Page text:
Reconnecting with the countryside: nature and Thomas Hardy

3 min read

Reconnecting with the countryside: nature and Thomas Hardy

The last year has been a tricky time for millions of people across the country. From strict lockdown measures to restrictions put on our social lives, the challenges of the pandemic have been difficult to overcome.

However, as Thomas Hardy himself once wrote “To every bad there is a worse”, and there have been some silver linings to this period – namely that people have once again started to reconnect to their local areas and appreciate the beauty around them.

Living in rural Kent as I do, perhaps the most significant take away I’ve had from being forced to stay in my village is how much beauty the countryside gives us. I’ve watched the trees shift with the seasons, seen the fields erupt with crops, picked wild burdock from the hedgerows and gathered handfuls of poppies from the cornfields – it’s a slower pace of life, a Victorian style of existence that the modern world had made us all but forget.

Capturing the pastoral world of rural England

Thomas Hardy

I’ve found myself wanting to read more books set in the English countryside too, and when it comes to reading literature that captures the pastoral world of rural England, you can’t do any better than Thomas Hardy. The beauty of his novels is that they balance the trials of humanity against a lush backdrop of England at its most wild.

His characters are those who meet in lamp-lit forests, gather nuts from bushes to impress their lovers, wander down hedgerow-lined roads on a quest to seek answers – nature is as integral to their lives as oxygen, as love, and this translates into stories where the descriptions of the trees and flowers as just as memorable as the characters themselves.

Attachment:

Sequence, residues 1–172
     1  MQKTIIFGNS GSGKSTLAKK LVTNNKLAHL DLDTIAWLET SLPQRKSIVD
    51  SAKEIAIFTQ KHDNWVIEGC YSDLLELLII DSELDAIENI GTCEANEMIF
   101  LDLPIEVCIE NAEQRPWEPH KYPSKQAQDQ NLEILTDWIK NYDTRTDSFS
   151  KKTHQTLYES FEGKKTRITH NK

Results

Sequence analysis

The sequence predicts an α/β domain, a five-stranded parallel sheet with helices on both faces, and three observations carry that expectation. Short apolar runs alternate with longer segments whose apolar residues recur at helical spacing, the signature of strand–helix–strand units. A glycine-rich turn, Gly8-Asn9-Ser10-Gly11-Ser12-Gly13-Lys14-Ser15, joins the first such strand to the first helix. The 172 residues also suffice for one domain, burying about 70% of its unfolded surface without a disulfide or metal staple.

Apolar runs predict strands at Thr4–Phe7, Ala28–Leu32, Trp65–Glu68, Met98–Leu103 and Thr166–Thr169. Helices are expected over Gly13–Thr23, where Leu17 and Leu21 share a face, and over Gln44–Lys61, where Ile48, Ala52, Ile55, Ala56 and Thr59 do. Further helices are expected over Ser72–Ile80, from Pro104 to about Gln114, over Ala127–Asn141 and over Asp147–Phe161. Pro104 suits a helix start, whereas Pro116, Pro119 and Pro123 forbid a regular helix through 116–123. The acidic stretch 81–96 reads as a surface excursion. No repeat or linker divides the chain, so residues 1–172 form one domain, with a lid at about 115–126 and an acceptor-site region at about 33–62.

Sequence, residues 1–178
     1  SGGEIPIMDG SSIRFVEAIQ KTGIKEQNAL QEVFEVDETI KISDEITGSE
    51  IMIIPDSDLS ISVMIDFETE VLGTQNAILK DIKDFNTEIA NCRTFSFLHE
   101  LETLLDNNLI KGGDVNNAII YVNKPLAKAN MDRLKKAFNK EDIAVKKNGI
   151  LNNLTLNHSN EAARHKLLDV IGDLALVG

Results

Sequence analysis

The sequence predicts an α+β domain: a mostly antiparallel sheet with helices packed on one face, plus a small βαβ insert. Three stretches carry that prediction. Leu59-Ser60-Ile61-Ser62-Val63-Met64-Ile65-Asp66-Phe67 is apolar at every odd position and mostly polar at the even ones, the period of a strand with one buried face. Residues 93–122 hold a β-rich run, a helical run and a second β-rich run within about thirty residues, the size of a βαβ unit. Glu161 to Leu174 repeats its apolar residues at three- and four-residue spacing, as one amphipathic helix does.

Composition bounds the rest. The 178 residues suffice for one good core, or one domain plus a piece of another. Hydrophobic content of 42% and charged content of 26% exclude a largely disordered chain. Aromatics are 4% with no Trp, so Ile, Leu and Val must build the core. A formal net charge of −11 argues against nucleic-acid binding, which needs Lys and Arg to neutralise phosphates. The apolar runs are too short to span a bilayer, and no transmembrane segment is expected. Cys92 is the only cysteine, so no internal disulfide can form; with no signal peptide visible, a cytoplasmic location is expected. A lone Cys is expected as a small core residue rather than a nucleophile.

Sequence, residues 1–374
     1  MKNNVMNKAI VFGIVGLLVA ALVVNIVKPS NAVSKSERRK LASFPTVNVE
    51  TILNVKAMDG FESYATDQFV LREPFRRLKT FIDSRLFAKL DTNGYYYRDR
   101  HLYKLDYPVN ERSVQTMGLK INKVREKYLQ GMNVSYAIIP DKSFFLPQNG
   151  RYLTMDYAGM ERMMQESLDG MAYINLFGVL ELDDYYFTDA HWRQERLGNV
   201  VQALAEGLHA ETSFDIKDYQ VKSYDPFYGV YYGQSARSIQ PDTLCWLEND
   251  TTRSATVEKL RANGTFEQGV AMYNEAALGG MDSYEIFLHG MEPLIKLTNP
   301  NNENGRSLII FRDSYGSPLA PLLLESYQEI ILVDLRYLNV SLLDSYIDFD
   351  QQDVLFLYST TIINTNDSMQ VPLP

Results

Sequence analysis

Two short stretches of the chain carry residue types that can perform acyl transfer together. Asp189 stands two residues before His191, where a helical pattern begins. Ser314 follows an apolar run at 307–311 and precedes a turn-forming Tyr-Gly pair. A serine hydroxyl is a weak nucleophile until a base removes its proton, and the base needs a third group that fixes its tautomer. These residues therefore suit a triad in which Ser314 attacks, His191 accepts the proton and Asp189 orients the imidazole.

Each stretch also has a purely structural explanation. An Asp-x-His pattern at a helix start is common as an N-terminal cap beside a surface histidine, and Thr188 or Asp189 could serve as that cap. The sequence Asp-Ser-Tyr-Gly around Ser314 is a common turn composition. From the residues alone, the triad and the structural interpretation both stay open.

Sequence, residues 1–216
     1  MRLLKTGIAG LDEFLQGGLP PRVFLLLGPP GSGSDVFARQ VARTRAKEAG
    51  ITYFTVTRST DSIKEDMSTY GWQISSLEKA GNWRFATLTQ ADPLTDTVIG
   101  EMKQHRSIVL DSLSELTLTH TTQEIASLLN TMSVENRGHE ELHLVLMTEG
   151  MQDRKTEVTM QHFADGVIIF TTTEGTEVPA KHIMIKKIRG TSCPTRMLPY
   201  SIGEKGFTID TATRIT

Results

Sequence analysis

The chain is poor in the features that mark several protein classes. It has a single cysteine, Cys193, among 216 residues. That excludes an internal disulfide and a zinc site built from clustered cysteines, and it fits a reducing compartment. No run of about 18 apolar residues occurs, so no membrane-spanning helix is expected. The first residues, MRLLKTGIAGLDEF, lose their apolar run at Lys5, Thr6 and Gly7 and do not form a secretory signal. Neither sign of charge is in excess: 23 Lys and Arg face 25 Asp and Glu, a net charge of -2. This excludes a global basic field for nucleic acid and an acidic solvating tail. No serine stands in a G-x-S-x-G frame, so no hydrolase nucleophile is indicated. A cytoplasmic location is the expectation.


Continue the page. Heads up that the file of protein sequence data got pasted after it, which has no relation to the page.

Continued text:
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Far from fairy tales

One of the things I admire most about Hardy is that his stories are far from fairy tales. Even one of his more uplifting novels,  Under The Greenwood Tree, still brims with uncertainty. Hardy’s nature descriptions are as unpredictable as tree roots. Realism blends with Romanticism, and his characters live on a similar knife-edge between the known and unknown. Dick and Fancy are happy enough – but will it last? It’s the sort of writing that leaves people who love happy endings feeling cold, but which is all the more real and powerful because of it.

His better-known novels are even more morose, but similar in their explorations of how nature and human lives are intertwined. It’s a reliance that people have on the nature around us that, until recent history, was such an integral part of what makes us human – something which the pandemic, for all our gardening and long walks in the countryside, has given us a taste of. It’s been a reflection of the past - a chance to care about the blossom on the trees again.

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Hope for better things 

Thomas Hardy's Tess of the d'Urbervilles

This exchange from Tess of the D’Urbervilles is Hardy at his best:

“Did you say the stars were worlds, Tess?"

"Yes." "All like ours?"

"I don't know, but I think so. They sometimes seem to be like the apples on our stubbard-tree. Most of them splendid and sound - a few blighted."

"Which do we live on - a splendid one or a blighted one?"

"A blighted one.”

For all this reads as a lack of hope we have to remember that it is also a conversation laced with possibility too. We may live on a “blighted apple”, a world on its knees due to a pandemic and full of struggle, but there is always hope for better things. If one thing we have learned from this pandemic is to appreciate nature once again as well as the wisdom of great writers like Hardy, who’s to say we can’t become a “splendid apple” once more?

Written by Charlie Edwards-Freshwater @thebookboy


Want to read more about Thomas Hardy? Try some more of our recent blog posts: "Is Thomas Hardy more feminist than Jane Austen?" or "Author of the Month: Thomas Hardy"

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